Gym goals can be broken down into two major categories: vanity and performance. Generally, the Gen Pop gym-goer has vanity goals like more muscle, less fat, getting ripped, etc. The athlete who is paid to play has their eyes on performance. What can they do to improve their performance on the pitch? Although there is a significant crossover between the two, one exercise (of many) will help with both. If you guessed the side lunge exercise, get your gold star on the way out. The side lunge for athletes and general population lifters is great because this is where the gains are made, in the sagittal plane.
The Sagittal plane divides the body into left and right halves (head to toe) and involves forward and backward movements. Your favorite exercises, like squats, deadlifts, bench, and bicep curls, are all Sagittal plane movements. Then, the frontal plane divides the body into front and halves and involves side-to-side motions. Exercises like lateral walks raises, and side lunges live there.
Performing side lunges may be a bit uncomfortable, but strength and conditioning coach Matthew S. Ibrahim, Ph.D. is here to explain why every athlete should incorporate them into their programming.
What is a Side Lunge?
A side lunge is a frontal-plane unilateral exercise that consists of stepping to the side and sinking into a squat/lunge hybrid, turning this lunge into a mobility and strength exercise. Mobility because the support leg is straight, which stretches and mobilizes the groin muscle. Strength is also needed in the working leg as the adductors, glutes, and quads work hard to pull you out of the lunge and back to the starting position.
How to Do The Side Lunge Exercise
- Stand up straight with your feet hip-width apart and pointed forward.
- Take a big step to the side with your right leg.
- Push back into the right hip while keeping your left leg straight.
- Feel a stretch in your left groin muscle while sinking in the lunge
- Once you have gone as far as your mobility allows, push your right foot through the floor and return to the starting position.
Benefits of the Side Lunge For Athletes
“Sports occur in all directions, at various speeds, in challenging positions, and, at times, at lower angles concerning the hips, knees, and ankles. This is precisely why performing lower body training in the frontal plane is so important for athletes across all sports. Forgetting about the frontal plane, you’ll miss a key component to truly excelling in sports: mastering multi-directional strength, speed, and power.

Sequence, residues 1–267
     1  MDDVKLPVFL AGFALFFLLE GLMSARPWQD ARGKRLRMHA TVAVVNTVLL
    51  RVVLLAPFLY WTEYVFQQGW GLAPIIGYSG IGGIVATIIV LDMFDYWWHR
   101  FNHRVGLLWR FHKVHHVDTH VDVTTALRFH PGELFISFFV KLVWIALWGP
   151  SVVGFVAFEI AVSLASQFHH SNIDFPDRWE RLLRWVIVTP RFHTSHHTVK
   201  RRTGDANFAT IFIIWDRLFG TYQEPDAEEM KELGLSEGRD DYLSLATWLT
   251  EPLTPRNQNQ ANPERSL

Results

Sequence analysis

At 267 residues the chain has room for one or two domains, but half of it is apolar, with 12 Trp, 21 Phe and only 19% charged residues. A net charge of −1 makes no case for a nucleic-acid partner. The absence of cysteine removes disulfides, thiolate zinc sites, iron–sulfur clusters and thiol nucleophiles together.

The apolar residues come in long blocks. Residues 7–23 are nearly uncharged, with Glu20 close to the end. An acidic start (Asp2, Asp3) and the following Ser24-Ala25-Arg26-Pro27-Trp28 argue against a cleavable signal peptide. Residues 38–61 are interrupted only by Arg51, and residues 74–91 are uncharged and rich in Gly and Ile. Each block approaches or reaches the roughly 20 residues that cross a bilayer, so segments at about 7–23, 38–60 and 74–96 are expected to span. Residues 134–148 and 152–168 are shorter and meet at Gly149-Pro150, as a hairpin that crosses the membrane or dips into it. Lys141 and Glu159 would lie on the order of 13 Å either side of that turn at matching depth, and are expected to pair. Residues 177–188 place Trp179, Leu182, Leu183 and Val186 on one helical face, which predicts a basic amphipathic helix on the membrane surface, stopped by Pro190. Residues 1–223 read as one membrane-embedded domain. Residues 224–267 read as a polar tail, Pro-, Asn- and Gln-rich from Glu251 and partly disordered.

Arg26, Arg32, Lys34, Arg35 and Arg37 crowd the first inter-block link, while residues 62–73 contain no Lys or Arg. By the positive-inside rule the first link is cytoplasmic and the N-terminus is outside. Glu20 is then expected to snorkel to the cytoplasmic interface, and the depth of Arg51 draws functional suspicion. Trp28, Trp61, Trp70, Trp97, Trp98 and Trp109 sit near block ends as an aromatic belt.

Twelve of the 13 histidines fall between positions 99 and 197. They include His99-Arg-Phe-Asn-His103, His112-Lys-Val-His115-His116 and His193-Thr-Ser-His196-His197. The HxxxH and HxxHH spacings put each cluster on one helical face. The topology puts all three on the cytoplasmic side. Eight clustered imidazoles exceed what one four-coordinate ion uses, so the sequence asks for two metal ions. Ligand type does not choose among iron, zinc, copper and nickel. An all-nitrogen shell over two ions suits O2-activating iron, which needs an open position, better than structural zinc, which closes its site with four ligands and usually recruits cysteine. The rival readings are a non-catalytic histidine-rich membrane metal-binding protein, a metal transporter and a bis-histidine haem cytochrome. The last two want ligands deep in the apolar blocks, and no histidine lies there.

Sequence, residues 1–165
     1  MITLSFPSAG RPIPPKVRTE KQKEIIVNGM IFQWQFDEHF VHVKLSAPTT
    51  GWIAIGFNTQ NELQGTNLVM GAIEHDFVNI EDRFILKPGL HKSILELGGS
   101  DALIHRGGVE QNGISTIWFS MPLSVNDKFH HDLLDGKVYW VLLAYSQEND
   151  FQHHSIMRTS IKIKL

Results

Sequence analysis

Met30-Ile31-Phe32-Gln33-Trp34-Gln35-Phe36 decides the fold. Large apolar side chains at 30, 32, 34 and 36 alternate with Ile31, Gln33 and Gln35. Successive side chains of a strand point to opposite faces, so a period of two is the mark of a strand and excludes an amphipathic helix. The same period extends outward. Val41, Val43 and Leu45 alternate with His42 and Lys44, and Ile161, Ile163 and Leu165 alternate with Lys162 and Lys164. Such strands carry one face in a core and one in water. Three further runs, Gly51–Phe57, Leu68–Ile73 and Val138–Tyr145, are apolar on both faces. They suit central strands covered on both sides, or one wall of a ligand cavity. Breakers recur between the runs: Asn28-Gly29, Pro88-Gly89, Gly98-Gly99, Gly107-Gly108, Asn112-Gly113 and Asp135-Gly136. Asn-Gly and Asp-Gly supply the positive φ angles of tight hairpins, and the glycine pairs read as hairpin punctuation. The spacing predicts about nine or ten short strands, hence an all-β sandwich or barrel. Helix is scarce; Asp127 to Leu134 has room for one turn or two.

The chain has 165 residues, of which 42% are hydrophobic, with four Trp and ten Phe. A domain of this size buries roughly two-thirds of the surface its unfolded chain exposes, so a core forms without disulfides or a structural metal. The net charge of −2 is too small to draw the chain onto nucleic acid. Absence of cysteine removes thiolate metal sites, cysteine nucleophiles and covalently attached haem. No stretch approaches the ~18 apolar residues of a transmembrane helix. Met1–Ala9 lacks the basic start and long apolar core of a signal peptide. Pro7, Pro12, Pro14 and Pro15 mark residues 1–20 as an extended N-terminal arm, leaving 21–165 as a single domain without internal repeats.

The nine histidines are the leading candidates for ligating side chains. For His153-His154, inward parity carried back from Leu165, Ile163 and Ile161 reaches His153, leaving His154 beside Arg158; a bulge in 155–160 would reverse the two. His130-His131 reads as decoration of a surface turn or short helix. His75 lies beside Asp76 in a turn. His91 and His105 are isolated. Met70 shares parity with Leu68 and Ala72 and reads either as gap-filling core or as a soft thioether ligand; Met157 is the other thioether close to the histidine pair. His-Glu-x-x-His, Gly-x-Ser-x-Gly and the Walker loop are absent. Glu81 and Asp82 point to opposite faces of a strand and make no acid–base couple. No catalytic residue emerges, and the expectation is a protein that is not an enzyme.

If your goal is to remain strong and durable in your sport, there’s a ton of benefit to training in the frontal plane to improve health in your hip, knee, and ankle joints. Most importantly, strengthening the muscles in your inner thighs (groin/adductors) is another factor that keeps these joints durable.
Note: Sports occur in all directions, especially in the frontal plane. This is why side lunges are so important in training for athletic performance.” explains Ibrahim.
To further back Ibrahim’s point, strengthening and mobilizing the adductors plays a vital role in minimizing lateral movement of the knee joint, where the knee will get into a lot of trouble. When you strengthen the knee joint to withstand lateral movement, you’ll also improve its stability in the sagittal plane.
Strengthening the adductors with exercises like the side lunge will reduce the occurrence of groin strains. A review published in the British Journal of Sports Medicine in 2015 suggested a lack of adductor strength was a significant risk factor for groin strains.
Variations of The Side Lunge for Athletes
“ The best way to describe technique, form, and coaching cues for all side lunge exercise variations is simple: sit your hips directly behind you while bending one knee (your trunk leans in this direction) and keep your other leg straight, control the descent and ground contact, and then power back up to the standing position.
Most importantly, we shouldn’t see any hiccups in your movement or wobbly transitions. You want highly smooth, controlled, and athletic transitions from start to finish within each rep. The best athletes in the world are also the best movers. Lateral lunges, which are dynamic in nature, are easily the most challenging type of lower-body frontal plane exercise from an athletic development standpoint.” explains Ibrahim.